Katherine Legge was left both frustrated and disappointed as another promising qualifying performance resulted in retirement for the Audi driver at Zandvoort.
After posting a career-best eighth-place start in the previous round at the Norisring, the Briton was confident of putting her year-old A4 DTM at least into the middle of the grid at the Dutch circuit, and achieved her aim, even though progressing to the final phase of the knock-out qualifying system proved a step to far on this occasion.
"First qualifying was okay, as I took it easy and things went as expected on the first set of tyres," Legge said after putting the #21 Audi Collection car into 14th spot, "In second qualifying, my speed was right, but there were a few unfortunate incidents. There's nothing we can do about that now, but I'm optimistic for tomorrow."
That optimism evaporated almost as soon as Sunday's race began, however, with a series of clashes off the start-line putting paid to any hope of rising through the field. Along with Audi stable-mate Mike Rockenfeller, who damaged a tie-rod in one collision and was forced to retire nine laps from home, Legge eventually gave up the unequal struggle with her maimed machine, parking it after 17 of the 41 laps.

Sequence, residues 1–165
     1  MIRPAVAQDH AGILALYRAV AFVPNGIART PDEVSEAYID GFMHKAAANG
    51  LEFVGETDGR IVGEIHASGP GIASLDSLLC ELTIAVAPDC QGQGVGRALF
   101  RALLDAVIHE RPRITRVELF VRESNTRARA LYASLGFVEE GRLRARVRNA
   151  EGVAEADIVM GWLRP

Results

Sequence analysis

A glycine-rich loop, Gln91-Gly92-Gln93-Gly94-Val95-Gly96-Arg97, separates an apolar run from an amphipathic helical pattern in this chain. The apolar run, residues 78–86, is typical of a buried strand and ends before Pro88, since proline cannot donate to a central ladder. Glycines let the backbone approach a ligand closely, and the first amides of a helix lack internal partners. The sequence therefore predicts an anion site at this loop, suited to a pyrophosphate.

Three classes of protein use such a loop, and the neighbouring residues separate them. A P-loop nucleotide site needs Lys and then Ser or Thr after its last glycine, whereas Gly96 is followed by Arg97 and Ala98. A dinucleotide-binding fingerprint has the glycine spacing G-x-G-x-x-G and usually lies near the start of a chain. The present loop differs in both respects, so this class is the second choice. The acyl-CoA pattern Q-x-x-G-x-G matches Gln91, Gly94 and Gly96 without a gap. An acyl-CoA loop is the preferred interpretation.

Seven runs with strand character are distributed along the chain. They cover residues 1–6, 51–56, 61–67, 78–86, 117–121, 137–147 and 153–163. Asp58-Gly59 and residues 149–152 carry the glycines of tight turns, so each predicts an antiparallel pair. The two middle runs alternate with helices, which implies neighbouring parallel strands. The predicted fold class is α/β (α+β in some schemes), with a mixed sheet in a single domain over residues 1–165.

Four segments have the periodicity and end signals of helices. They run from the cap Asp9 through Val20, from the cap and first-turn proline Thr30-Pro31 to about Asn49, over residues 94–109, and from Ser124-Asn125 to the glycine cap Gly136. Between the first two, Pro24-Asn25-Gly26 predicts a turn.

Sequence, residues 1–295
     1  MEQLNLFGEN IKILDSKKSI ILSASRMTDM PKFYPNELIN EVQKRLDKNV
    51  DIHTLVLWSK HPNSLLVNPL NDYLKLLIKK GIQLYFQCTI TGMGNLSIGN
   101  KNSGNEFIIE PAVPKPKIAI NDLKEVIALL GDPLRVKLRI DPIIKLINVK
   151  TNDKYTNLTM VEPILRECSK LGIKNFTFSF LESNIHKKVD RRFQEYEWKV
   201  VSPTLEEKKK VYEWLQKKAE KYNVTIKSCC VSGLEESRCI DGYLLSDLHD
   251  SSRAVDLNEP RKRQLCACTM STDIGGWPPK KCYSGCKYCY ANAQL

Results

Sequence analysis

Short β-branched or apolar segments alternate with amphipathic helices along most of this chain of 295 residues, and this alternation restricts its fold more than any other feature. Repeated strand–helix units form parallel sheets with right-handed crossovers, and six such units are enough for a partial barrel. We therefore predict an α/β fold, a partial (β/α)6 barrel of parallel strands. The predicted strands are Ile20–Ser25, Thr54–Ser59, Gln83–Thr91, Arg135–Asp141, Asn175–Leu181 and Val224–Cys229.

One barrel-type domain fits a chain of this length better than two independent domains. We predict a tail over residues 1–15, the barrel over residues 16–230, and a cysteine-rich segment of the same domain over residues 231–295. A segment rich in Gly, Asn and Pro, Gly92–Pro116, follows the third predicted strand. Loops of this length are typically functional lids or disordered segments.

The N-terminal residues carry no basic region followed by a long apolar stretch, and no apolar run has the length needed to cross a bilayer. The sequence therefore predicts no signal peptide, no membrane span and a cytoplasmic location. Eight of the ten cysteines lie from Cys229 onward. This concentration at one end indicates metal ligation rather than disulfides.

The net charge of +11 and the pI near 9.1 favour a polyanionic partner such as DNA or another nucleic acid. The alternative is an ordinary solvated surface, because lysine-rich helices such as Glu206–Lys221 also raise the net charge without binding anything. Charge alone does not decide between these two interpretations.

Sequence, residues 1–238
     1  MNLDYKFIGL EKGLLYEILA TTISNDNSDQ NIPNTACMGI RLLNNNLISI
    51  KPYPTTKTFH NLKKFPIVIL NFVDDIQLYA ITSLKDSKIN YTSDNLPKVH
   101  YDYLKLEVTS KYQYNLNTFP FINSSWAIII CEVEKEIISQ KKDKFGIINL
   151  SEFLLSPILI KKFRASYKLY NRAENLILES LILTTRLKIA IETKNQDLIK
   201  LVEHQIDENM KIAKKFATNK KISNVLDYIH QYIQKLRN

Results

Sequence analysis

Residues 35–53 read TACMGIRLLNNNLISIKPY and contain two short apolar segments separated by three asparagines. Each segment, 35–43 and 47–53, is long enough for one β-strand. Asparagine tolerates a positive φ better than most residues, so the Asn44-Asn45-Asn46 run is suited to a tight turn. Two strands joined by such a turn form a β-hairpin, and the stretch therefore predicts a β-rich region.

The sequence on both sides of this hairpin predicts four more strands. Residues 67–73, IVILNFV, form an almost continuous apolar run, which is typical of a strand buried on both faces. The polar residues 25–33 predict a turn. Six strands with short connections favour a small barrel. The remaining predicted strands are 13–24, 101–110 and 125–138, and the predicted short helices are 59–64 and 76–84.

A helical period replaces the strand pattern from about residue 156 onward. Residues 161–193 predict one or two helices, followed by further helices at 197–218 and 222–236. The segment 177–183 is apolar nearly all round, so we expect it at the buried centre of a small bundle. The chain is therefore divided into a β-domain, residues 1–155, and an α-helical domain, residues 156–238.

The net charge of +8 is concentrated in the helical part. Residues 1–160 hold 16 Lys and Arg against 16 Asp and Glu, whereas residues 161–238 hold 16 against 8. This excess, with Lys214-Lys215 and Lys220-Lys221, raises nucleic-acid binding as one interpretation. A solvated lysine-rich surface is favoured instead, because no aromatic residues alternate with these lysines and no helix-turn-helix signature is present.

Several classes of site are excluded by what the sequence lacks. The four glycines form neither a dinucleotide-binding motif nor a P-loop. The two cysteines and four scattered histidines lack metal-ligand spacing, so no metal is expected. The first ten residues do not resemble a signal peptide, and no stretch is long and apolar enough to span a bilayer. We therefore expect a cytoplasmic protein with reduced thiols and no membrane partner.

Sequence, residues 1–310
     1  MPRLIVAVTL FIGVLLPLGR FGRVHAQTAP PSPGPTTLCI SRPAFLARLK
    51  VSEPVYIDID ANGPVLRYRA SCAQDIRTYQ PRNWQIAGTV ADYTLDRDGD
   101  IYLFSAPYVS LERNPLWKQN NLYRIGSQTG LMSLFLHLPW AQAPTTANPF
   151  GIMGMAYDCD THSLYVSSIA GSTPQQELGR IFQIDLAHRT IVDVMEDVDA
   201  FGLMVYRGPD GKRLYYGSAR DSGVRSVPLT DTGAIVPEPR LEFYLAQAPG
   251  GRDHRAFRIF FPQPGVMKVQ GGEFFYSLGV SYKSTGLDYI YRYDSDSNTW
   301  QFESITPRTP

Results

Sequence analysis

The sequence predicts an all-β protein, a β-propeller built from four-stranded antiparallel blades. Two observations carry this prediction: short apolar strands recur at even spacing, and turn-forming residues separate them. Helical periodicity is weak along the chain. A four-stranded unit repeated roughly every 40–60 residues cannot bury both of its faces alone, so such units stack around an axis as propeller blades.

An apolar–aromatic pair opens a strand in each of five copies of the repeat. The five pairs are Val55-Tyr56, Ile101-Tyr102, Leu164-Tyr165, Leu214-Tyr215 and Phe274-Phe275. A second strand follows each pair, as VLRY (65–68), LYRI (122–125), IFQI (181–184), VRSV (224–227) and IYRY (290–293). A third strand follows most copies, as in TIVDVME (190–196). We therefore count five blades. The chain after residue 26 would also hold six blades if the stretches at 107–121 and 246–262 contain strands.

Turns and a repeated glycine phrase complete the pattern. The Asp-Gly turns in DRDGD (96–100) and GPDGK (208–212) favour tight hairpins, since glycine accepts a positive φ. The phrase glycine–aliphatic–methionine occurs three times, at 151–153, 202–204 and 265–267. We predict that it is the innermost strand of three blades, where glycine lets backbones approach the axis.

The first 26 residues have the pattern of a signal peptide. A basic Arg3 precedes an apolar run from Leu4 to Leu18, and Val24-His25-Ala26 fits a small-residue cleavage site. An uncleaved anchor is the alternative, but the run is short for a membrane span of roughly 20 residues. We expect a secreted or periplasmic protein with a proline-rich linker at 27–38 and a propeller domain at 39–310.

"A weekend to forget for me," the Briton insisted, having also been fined overnight for a qualifying incident, "In the race, Susie [Stoddart] hit my car in the first turn, and then Ralf Schumacher did. The car was heavily damaged at the left front and right rear, and was getting worse and worse [as the race went on]. That's why, unfortunately, I had to return to the pit-lane."
Legge's penalty, Audi argued, was a harsh one. While returning to her pit during second qualifying, she collided with team-mate Timo Scheider, who was exiting following a tyre change. The stewards considered the incident to have been an 'avoidable collision' and an 'unsafe approach of the pits', and gave the team a fine of €5000 despite its protestations that bad luck had played a part in the collision.